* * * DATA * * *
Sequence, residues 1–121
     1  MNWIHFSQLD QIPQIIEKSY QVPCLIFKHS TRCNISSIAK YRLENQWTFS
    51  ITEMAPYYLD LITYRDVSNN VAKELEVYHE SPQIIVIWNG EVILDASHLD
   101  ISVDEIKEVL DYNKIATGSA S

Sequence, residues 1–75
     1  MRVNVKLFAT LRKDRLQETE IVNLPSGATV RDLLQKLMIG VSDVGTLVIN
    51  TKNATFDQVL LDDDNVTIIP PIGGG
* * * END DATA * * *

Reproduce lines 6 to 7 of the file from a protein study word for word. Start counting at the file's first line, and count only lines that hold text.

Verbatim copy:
     1  MRVNVKLFAT LRKDRLQETE IVNLPSGATV RDLLQKLMIG VSDVGTLVIN
    51  TKNATFDQVL LDDDNVTIIP PIGGG